Suppressing human rights? A rights-based approach to the use of pharmacotherapy with sex offenders
The use of pharmacotherapy (more emotively known as chemical castration) is the use of drugs to treat and help manage the risk that sex offenders, and in particular paedophiles, pose to society. Due to the increased climate of public fear of this risk, the government recently published a Review of the Protection of Children from Sex Offenders (the Review). This Review, published in June 2007, sought to explore how the protection of children could be improved and how greater reassurance to the public on the management of sex offenders could be provided. The Review makes several proposals with regard to managing high-risk sex offenders. Amongst the list of 20 actions, the trialling of polygraph tests, satellite tracking technology and the use of anti-libidinal suppressants is included. This paper examines the latter, pharmacotherapy, and assesses how concepts such as dignity and consent underpin the human rights' implications of its use. The paper will also assess the recent changes to mental health legislation and evaluate whether such treatment for incompetent or competent offenders is a viable option given the UK's obligations under the European Convention on Human Rights.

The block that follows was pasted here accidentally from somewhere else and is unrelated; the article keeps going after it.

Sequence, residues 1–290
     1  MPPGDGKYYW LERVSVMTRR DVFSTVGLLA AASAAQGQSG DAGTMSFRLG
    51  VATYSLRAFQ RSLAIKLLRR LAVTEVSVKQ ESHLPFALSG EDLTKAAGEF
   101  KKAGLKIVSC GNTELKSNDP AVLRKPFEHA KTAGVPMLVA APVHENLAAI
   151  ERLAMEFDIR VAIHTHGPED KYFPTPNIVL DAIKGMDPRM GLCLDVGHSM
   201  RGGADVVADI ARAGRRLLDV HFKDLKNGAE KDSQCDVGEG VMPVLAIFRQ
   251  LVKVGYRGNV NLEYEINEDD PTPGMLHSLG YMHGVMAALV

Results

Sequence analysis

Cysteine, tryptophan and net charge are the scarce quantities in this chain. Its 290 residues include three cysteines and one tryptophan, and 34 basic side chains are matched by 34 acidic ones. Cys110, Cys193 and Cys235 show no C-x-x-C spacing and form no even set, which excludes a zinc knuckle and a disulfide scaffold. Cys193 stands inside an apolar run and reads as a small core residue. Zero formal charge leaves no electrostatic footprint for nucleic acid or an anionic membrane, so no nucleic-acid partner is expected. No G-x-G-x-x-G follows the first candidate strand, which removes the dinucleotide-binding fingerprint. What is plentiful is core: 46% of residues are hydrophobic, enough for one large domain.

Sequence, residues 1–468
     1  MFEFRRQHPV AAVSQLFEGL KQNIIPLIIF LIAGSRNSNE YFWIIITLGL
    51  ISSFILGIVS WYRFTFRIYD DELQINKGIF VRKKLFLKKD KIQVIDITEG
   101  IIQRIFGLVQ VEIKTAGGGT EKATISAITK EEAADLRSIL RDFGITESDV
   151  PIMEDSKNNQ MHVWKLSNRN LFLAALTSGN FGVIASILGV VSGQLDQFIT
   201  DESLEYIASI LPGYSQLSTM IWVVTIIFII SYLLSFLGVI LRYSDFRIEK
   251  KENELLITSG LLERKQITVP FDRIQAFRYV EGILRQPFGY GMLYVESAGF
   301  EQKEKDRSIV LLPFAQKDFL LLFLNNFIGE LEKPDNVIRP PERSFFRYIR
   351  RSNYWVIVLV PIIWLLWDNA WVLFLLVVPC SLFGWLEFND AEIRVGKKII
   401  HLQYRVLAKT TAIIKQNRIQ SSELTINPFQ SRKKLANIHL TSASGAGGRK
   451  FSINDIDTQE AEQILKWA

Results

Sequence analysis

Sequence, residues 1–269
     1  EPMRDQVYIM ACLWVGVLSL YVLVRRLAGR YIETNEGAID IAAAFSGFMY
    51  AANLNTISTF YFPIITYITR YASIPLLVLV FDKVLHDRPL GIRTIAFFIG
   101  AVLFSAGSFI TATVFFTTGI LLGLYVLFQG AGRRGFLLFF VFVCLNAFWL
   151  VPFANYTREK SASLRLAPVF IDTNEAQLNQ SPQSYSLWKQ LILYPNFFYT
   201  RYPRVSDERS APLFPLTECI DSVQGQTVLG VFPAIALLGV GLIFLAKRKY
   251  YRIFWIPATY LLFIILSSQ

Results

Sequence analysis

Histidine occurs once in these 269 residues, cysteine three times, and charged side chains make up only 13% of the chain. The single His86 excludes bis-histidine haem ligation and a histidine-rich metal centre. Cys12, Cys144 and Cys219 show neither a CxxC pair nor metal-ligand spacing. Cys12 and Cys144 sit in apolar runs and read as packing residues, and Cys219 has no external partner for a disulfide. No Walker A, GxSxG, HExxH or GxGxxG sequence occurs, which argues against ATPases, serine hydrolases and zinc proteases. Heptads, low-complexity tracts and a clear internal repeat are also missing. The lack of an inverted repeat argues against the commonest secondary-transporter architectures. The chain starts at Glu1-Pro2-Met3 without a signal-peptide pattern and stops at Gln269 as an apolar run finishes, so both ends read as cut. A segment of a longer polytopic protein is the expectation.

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Document Type: Research Article
Affiliations: Senior Lecturer, Bristol Law School, University of the West of England and Lecturer, Cardiff Law School
Publication date: 2009-03-01